A DEMONSTRATION OF COMPOSING FIGURES FOR A SPLASH PAGE
I am going forward in a graphic novel and my previous page was the end of a chapter. The main character has been thoroughly humiliated in a contest and walks away. His uncle, who is running the contest, drags him back where he is further humiliated. This is to force him to lose his temper. I show him in extreme emotion and now he has to do something crazy.
You can also see that I have the boy and the uncle already drawn and I must be consistent with the way they look. I have an audience, but I don't want them to be any more than a shadow, but I must indicate a direction with the characters standing in the background. I'm choosing the very tall woman and those around her for a back drop. However, I also want to indicate where this is taking place. A field, but there are some trees. The writer may tell you this, or if like me, you are writing as well, you can figure this out. Often a writer will not tell you enough.
I decided that I wanted my boy to throw his uncle in rage. So first I have to compose
that. Looking thought hundreds of photos of wrestlers and acrobats, I come up with some.
For this layout, nothing was right. So I picked pictures that felt right or were parts of right. I often do not draw what I pick out in pictures, but you may need them to get a feeling of what is going on.
You can easily see here the parts of the references that I used and those I did not. You cal also see the basic flow of the composition and the muscle lines I've drawn in as well as the uncle's costume. This usually takes a while, especially if there is a lot of action. If the people don't look right, the reader is jerked out of the story. Inkers say that they often correct anatomy on drawers' work to make sure that nothing jars the reader.
It's easier for the reader to understand action after is has happened. If someone hits someone, you usually see the after, not the connect point. Action is often best after it has happened. If I were to show this boy lifting his uncle, it would have less impact and simply be mid-action, rather than showing him just after he threw his uncle. I also strive to keep a flow in the picture.
Here you can see that I have laid down the first layers of pencil. One of my tricks, is that the Holly (uncle's costume) wear linen that is indicated by vertical lines. Although the uncle is flying and the cloth could be indicated by the line direction, the stiffness is kept by the vertical treatment.(See above.)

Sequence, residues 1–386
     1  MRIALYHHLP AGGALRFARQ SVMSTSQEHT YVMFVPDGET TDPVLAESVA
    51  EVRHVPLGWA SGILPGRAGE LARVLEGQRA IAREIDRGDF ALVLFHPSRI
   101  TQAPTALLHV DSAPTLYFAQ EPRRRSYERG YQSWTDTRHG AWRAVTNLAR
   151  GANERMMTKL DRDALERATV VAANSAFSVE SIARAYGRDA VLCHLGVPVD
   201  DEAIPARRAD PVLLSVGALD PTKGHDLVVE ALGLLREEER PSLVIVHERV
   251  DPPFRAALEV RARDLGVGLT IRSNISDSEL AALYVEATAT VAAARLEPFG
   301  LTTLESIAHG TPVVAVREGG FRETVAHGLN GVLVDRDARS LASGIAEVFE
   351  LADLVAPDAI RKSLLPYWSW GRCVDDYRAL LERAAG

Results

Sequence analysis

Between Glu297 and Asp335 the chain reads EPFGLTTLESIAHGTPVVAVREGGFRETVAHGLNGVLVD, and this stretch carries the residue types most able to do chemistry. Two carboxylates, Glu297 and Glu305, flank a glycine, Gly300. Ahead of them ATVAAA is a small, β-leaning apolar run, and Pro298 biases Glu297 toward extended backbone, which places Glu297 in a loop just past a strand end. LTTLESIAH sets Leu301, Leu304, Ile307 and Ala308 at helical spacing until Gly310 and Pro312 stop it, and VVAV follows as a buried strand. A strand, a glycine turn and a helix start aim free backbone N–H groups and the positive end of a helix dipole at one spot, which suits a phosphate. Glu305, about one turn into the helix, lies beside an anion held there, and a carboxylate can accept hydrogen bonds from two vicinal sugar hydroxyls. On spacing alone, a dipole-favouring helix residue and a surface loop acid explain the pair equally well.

I am now indicating the shadow mass of the background. Although in traditional work there would be now outlines, this is a comic and to scan it in, I need more structure. I have also worked up the boy's face. The trick is to do things in layers. Pencil will smear. On a spread, I will often work up the rough composition and then work top left to bottom right because I draw right-handed. In a smaller piece like this, I can keep off the paper, but you see the smudges! Work light, the paper texture gets messed up when you erase.
Now you can see the "macchia" layer go in where the pencil is put in a smeared into the paper as a backcolor. This is an important step although many find it boring and want to just smear a wash of color, like paint. Take your time. Work in the pencil in small sections and start to indicate masses as you put in the first layer.
This step is also tedious. You are painting with the pencil. Work into the layer with darker lines and areas of smearing. You can see that the background is starting to take shape but it is not as important as the action. I cannot emphasize enough that most art fails in that the overworking of background material leaves the focus unresolved. Do not fix this with color. Try to think of a flash of the eye. The eye doesn't not focus on both background and foreground any more than the camera does. Let the sharp focus be on the event.
I have scanned in this drawing and done the task of getting back the drawing I scanned. I do this, not by turning up the contrast so that the light pencil work stands out more, but by shifting the middle. I darken up the middle values, then adjust the contrast if I need.
Now again, little by little, I adjust the values in my art program. I use my lighten and darken tools to clean up some of my smudges. Often, artists use tracing paper to get from the smudged up beginning drawing to the finished work. I do not. I like the immediacy of the original drawing, but I have to do a lot of work on the computer.
Notice also that I'm not overworking the tree or the bird. A real problem with amazing artists like Boris Vallejo is that he overworked everything. Everything in his work is in sharp focus (see Lighting) This became his style. It is not a traditional style and I do not prefer it. I wanted an immediate style more in line with Ingres or Sargent or other artist whose work looks a bit unfinished. I wanted to give the illusion that someone was right there, drawing this scene. I also encourage you to think like a master. The work should be finished where you want the focus. Portrait artists finshed the faces more than the clothing. The eagle is close, he is the most finished. There might be a tendency to overwork this tree, especially the bark. I have to leave it a bit sketchy in order for the drawing to feel fresh and not worked.
And here we are! I dopped the drawing into my template but I had another drawing of the background material in the template. I then work on the text and I have my page.
© 2017, A.R. Stone